The Rickover Effect: How One Man Made a Difference

Theodore Rockwell, Author, James D. Watkins, Foreword by
Theodore Rockwell, Author, James D. Watkins, Foreword by US Naval Institute Press $32.95 (411p) ISBN 978-1-55750-702-0
Paperback - 411 pages - 978-0-471-12296-8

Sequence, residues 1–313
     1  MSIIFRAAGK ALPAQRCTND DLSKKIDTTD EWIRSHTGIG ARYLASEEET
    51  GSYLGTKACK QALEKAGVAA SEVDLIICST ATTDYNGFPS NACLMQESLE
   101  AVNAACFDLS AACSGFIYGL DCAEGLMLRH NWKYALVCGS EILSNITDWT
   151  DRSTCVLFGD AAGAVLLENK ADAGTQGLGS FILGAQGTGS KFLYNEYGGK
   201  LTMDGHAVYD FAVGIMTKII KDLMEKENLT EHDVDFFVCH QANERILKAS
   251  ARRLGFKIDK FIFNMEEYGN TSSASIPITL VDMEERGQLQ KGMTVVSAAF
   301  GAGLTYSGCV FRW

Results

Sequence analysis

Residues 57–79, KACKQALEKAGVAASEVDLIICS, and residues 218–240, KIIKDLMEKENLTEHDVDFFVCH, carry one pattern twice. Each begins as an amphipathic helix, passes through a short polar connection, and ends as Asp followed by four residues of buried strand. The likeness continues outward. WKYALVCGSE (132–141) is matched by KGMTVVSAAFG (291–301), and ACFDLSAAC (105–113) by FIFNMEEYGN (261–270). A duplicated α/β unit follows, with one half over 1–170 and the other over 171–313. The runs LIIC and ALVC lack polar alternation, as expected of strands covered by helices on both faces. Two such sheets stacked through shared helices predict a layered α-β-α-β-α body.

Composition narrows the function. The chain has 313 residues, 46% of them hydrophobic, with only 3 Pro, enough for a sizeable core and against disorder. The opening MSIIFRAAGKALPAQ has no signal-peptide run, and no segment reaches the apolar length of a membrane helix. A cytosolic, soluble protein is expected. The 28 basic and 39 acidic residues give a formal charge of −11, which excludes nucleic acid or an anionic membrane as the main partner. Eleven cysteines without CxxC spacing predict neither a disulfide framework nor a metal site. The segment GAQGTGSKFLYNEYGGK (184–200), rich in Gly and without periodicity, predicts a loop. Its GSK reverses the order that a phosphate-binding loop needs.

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Rockwell, Rickover's former technical director, has written a notable, anecdote-rich biography of the controversial ``father of the nuclear navy.'' In 1951 Hyman G. Rickover (1900-1986), then an obscure captain in the navy's Bureau of Ships, set himself the task of creating an atomic submarine. Four-and-a-half years later, USS Nautilus, the world's first nuclear sub, joined the fleet. In lay language, Rockwell explains how he accomplished this amazing feat. For one thing, Rickover gave new meaning to the concept of industrial quality control. Rockwell also makes clear why his former boss was widely hated and feared, and provides examples of his unique ability to infuriate as well as inspire. Most prominently, Rockwell demonstrates Rickover's genius for getting things done. Finally, he relates the strange story of Rickover's enforced retirement in 1982 at the instigation of Navy Secretary John Lehman, who accused him of accepting favors from contractors. If this fine biography has a flaw, it is the author's failure to explain adequately why Lehman was so implacably hostile to the man who immeasurably strengthened the United States Navy. Illustrations. (Oct.)
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